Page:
Saint Rita of Cascia
Respecting her parent's wishes that she marry instead of entering an Augustinian convent, Santa Rita de Casia spent eighteen years of her life in absolute terror of her husband. Her exemplary life finally moved her husband to reform, but he was killed in a brawl under mysterious circumstances and her two sons both died soon afterwards.
Saint Rita was refused three times before she was finally allowed to enter a convent, where she devoted herself to the sufferings of Christ. In 1441, while kneeling in prayer, her head ached in pain. It is believed that a thorn from the crucifix she had been contemplating had imbedded itself in her forehead. The wound was so offensive that she was secluded from the rest; except during her pilgrimage to Rome in 1450 when the wound healed temporarily.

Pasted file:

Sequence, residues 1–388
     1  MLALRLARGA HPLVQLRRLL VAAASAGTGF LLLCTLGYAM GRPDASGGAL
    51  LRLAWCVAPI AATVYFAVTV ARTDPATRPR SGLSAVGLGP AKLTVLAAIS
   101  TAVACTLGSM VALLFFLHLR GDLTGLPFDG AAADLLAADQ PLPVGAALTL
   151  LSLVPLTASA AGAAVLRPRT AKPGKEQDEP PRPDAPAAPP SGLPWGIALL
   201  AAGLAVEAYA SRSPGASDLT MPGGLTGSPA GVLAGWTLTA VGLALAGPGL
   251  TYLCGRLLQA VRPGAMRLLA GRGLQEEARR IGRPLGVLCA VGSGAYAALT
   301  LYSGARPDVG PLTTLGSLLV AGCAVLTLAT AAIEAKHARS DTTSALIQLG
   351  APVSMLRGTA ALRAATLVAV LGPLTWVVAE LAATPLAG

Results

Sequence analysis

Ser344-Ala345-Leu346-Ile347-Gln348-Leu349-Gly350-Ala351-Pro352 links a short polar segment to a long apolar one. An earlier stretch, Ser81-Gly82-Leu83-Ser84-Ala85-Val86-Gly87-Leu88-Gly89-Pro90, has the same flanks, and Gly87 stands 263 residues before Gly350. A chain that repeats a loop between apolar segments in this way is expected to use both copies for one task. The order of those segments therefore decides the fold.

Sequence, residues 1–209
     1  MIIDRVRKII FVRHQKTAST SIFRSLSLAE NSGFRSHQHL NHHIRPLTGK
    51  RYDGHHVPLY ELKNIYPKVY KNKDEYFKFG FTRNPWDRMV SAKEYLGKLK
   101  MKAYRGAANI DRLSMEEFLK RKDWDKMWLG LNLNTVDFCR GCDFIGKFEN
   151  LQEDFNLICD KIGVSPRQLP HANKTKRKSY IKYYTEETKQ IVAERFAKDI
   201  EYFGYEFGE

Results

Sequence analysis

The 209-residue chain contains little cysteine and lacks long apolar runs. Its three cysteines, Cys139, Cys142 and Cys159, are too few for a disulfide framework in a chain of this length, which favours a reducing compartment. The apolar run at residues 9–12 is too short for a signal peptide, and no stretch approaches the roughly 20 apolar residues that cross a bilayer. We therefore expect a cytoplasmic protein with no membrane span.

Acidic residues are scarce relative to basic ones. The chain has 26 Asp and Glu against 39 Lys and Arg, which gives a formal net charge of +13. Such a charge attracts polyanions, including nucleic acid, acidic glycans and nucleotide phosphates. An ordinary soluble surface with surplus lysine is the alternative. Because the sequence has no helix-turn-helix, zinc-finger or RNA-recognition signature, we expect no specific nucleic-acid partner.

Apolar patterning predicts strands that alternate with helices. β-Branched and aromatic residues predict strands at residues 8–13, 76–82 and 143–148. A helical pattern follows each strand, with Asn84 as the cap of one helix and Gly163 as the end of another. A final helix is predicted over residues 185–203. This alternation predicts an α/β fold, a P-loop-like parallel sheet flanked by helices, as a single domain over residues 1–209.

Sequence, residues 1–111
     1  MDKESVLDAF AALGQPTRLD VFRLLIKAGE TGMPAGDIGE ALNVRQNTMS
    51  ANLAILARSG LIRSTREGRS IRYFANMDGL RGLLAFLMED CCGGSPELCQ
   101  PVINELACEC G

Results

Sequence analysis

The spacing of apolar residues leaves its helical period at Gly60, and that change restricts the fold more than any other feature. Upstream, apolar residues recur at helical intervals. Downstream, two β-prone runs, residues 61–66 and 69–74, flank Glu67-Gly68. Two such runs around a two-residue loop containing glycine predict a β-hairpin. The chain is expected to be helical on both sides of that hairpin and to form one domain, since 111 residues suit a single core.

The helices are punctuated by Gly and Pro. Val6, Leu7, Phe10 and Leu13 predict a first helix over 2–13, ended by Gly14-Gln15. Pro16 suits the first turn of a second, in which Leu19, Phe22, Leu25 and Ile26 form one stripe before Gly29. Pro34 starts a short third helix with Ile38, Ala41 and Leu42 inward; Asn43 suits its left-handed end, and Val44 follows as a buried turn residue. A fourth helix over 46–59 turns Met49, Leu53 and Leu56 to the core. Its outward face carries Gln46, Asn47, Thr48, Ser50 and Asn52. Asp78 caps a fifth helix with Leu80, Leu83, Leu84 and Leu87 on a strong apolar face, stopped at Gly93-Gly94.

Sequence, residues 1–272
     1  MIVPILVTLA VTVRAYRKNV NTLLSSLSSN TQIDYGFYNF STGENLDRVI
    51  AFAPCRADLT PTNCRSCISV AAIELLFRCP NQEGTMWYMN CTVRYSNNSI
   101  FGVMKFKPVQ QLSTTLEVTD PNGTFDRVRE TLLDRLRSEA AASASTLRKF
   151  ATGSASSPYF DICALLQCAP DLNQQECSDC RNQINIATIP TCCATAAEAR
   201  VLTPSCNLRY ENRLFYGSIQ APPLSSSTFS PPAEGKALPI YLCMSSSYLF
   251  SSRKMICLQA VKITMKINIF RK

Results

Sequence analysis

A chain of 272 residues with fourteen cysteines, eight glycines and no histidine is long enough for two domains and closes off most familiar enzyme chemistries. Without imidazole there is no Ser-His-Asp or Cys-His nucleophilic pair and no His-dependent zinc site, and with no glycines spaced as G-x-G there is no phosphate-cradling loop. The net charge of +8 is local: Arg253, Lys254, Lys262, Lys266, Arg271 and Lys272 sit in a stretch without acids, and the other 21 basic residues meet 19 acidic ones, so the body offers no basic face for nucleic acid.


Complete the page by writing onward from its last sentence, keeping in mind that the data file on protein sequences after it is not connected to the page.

It is the wound in the center of her forehead that most identifies Saint Rita of Cascia. She is dressed as an Augustinian nun holding a crucifix and a skull. Two male figurines, probably representing her sons, hold palm leaves.
She is invoked as patroness of desperate cases or helper in impossibilities. She is also considered to be a model for married women.
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